While these are all integration points for security on the development level, security is rarely the main focus of development or the people in development roles. Developers aren’t paid to mitigate vulnerabilities, their focus is on writing code – that is, shipping new features and addressing defects. Similar things can be said for architects, DevOps engineers, and product owners. That is why the security team needs to be part of the development process and work closely with these players.

Increasing communication and collaboration between DevSecOps or security engineers with the development team can help ensure that DevOps contributes to the security of your development process rather than detract from it.


Using DevOps Technology to Enhance Security

Above, we discussed how DevOps practices without proper monitoring can lead to more security problems than they’re worth. However, we can still use DevOps techniques to improve security.

Automation tools can help automate elements of security screening. Principles similar to unit tests can be applied to security screening, making sure that no code is deployed without automatically being checked for vulnerabilities and receiving the all-clear. This means one of the toughest parts of security – ensuring every system is accounted for and scanned – becomes much easier when paired with the DevOps approach.

Static Application Security Testing (SAST, or Static Scanners) can run within a traditional CI/CD pipeline to ensure all code is scanned. This approach applies to tools like SAST, container scanning, and software composition analysis for the software supply chain (SCA). Since DevOps practices typically enable multiple environments such as QA and staging, Dynamic Scanners (DAST) and even manual assessments always have a new deployment to test. Since these deployments are maintained as code, there’s assurance that the environment won’t have different vulnerabilities when it goes live into production.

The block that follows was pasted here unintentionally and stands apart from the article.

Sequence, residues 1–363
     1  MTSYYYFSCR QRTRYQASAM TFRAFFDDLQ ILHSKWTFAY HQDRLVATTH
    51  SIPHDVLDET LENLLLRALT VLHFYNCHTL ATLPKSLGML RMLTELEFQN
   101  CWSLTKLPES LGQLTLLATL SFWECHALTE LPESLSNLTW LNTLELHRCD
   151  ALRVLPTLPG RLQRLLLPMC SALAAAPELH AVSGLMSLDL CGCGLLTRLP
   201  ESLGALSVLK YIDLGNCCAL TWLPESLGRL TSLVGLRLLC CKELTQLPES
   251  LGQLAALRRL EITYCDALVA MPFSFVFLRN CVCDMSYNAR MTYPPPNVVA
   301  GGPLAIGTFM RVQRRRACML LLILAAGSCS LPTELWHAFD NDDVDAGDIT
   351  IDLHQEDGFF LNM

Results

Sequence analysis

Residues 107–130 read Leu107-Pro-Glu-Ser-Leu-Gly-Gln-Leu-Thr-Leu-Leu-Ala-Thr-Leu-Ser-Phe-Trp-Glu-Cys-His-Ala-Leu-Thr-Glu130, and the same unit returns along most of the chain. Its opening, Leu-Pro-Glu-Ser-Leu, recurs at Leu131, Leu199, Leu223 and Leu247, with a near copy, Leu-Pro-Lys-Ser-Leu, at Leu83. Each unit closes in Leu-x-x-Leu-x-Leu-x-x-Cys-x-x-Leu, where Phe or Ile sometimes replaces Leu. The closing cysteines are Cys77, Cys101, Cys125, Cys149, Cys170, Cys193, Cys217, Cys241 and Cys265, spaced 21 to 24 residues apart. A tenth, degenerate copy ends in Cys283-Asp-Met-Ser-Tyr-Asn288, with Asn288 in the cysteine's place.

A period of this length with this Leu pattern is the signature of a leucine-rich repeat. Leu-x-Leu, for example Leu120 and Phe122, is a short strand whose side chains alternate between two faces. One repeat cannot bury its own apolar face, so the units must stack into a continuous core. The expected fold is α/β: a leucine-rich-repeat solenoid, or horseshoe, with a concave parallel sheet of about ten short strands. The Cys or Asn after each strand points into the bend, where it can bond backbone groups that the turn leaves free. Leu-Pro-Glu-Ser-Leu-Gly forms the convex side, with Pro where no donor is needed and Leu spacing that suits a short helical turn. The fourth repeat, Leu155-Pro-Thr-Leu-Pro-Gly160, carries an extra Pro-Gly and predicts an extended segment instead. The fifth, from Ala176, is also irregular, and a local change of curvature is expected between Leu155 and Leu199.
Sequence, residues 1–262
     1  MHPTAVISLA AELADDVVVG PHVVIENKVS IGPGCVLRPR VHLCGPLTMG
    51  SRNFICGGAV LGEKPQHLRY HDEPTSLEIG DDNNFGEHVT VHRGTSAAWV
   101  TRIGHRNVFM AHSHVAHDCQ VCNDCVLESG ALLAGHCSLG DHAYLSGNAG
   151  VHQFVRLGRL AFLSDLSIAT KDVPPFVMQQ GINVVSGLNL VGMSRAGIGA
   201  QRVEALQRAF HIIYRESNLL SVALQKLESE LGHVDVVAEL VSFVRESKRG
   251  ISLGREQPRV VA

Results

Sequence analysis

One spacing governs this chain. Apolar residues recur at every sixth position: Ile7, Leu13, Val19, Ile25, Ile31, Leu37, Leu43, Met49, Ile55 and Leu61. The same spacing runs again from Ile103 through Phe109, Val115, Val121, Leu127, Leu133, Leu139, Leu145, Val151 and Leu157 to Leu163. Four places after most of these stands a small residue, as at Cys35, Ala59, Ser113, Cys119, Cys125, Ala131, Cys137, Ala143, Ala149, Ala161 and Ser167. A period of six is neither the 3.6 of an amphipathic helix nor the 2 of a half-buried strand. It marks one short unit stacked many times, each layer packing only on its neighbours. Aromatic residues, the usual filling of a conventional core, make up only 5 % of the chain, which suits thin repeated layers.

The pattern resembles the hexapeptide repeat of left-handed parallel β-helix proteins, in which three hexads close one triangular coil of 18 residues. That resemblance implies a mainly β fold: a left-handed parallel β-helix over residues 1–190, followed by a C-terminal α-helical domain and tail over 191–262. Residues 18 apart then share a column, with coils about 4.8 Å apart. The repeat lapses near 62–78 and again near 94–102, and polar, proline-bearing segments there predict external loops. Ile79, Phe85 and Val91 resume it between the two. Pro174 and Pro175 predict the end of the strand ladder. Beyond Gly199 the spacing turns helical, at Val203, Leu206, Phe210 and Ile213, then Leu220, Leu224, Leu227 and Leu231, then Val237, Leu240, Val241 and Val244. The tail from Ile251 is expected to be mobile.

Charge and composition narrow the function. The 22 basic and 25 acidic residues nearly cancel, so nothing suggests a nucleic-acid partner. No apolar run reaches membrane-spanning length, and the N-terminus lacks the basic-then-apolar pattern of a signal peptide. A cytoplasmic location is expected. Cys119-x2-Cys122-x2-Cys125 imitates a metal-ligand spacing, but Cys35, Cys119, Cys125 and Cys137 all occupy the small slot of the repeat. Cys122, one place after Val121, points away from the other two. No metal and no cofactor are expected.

Organizations have seen the need for securing their software supply chain with tools like SonarQube and GitHub’s Dependabot, and even more since the Log4Shell vulnerability. It’s imperative these checks are done in tandem with DevOps. With Software Composition Analysis (SCA) and open-source scanning built into the DevOps pipeline, developers get notified when there’s a package that has a weakness in it as soon as the code is committed. Then if there’s an issue, the developer can remedy it quickly. If these checks are done later on, it becomes more difficult to alter the third-party libraries which increases technical debt on the whole project. With a DevOps approach, technical debt is avoided, and supply-chain vulnerabilities are remediated quicker.



At Calavista, our thought leadership on best practices in software development have been a point of pride for over twenty years. Founded on DevOps tenets like Continuous Integration and Continuous Delivery, we have never stopped pushing the field of development. We were doing this before the term DevOps even existed, and we have been ensuring stable and secure development within those pipelines before anyone ever uttered the phrase “DevSecOps.”

The goal of DevOps is to keep developers developing as efficiently as possible, but with the rise of advanced cybersecurity threats, more attention needs to be paid to security within the development process. We don’t want each of our developers to become security experts, but we do want to deliver secured code. That’s why we are embracing the concept of DevSecOps, bringing security into the conversation, encouraging close collaboration between security, developers, and operations managers.